What John tries to tell us is that sometimes there are things that we can’t help or even explain. The only way we can deal with it is to let the world crumble and, if we are lucky enough, we can start all over by using our faults in the past as a lesson. This quote also emphasizes the theme of movie since in the end, both Dr. Logan and Rhodes can’t make it due to their conflict. If the conflict can’t be solved, then let it happen and deteriorate by itself. That sounds like some Buddist or Taoist theory, but it actually works in real life as well.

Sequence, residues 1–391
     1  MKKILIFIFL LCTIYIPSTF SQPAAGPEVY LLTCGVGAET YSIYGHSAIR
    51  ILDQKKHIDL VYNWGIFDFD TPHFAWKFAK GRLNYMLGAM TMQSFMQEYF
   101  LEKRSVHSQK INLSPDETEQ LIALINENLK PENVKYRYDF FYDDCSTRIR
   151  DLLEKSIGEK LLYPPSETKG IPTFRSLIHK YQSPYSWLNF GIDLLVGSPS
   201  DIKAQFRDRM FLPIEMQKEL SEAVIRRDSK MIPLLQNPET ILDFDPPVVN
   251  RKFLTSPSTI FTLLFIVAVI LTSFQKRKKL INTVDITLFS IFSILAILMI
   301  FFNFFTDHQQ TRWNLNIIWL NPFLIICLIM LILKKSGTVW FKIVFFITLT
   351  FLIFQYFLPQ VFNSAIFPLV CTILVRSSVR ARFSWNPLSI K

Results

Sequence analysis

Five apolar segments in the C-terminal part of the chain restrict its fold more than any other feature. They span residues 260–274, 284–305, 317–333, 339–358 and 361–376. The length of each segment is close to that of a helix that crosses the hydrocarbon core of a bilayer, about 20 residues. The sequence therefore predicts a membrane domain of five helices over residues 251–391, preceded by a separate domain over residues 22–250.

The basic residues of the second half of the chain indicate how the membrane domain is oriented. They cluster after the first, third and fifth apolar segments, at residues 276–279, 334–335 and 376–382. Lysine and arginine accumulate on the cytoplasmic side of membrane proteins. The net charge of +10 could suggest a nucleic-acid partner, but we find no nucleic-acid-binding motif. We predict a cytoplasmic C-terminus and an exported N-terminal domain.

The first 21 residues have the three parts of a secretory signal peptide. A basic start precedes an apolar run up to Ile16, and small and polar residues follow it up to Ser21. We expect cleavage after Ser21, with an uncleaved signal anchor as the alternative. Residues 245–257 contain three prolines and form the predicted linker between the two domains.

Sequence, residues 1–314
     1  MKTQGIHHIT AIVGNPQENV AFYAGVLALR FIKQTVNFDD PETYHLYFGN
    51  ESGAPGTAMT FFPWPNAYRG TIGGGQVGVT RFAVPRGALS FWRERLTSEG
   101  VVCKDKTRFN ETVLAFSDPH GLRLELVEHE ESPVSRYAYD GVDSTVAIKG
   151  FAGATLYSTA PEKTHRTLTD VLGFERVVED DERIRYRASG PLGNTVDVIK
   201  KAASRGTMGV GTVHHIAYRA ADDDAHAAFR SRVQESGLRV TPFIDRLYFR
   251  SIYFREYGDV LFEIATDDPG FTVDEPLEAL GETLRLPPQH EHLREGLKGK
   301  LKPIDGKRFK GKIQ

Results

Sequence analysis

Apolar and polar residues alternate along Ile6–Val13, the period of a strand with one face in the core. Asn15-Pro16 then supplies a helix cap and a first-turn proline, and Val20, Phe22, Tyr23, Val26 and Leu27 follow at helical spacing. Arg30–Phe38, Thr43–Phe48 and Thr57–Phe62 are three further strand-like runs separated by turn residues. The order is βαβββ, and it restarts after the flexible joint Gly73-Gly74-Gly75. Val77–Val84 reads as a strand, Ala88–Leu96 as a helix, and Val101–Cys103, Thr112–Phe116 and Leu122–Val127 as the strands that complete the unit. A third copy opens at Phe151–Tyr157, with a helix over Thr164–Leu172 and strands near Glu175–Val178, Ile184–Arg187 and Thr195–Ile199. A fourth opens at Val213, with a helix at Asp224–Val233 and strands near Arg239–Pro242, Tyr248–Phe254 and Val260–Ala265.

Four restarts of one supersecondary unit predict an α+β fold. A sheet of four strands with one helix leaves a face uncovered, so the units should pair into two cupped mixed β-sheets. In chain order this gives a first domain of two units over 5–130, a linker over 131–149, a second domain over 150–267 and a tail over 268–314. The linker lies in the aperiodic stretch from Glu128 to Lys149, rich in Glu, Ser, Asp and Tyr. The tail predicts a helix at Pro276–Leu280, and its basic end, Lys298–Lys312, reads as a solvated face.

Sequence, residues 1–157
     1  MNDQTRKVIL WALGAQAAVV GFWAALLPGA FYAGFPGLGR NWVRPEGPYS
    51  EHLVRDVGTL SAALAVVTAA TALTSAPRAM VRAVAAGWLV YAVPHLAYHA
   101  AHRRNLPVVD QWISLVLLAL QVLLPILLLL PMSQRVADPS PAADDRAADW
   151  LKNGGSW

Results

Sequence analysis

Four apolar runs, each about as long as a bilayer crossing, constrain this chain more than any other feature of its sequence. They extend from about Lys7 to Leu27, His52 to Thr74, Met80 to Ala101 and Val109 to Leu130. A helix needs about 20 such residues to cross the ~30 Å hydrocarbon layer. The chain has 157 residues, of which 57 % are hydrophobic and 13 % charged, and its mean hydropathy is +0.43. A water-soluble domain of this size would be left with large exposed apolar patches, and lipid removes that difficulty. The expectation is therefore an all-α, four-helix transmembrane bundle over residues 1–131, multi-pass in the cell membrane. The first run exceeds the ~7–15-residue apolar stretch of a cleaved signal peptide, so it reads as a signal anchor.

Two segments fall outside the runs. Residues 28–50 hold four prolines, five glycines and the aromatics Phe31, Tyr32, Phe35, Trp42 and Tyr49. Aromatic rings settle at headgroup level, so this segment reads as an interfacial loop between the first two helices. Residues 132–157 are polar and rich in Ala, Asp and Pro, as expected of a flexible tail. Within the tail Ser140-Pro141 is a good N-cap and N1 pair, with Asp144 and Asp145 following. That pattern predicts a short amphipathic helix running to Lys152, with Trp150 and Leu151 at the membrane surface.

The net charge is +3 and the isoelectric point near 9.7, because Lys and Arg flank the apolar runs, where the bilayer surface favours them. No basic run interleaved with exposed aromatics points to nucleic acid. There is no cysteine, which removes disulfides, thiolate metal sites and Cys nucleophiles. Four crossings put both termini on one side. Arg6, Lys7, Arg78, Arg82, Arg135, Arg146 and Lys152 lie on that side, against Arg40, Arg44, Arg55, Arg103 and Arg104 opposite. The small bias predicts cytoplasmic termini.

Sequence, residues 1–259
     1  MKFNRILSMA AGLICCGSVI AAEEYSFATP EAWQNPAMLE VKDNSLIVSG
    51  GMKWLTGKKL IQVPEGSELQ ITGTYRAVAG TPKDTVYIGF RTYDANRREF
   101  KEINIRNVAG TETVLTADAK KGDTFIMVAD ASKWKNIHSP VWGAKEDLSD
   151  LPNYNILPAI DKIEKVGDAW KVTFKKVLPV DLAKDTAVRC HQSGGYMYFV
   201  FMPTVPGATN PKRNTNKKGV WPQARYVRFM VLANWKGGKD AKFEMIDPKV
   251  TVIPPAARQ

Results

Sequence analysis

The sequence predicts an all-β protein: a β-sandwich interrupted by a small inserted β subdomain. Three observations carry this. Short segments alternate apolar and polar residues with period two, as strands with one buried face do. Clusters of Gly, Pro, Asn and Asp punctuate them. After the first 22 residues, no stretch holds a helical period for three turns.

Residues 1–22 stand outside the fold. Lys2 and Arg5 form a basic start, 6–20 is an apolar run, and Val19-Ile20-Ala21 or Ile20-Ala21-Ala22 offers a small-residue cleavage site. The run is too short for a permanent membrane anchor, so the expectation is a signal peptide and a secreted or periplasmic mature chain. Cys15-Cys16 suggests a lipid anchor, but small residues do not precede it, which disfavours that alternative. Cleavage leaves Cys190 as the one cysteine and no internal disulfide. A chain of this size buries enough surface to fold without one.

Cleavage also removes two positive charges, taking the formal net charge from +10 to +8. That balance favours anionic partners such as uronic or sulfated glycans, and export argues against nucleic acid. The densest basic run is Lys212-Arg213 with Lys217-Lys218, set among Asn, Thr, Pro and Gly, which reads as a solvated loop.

Although it’s not as attractive as the previous films due to the uber-serious tone and minimal body count as well as any major memorable sequences, Day of The Dead still has its own merits from the key message (that’s even more relevant nowadays), the special effects from Tom Savini, and surreal imagery (especially the iconic first scene and the ending sequence). Everyone who has seen Night and Dawn has to see this one in order to complete George Romero’s essay on world issues such as tolitarian rule and social conflict. Recommended.
Next time, we’ll take a look at my all-time favorite vampire movie from George Romero: Martin.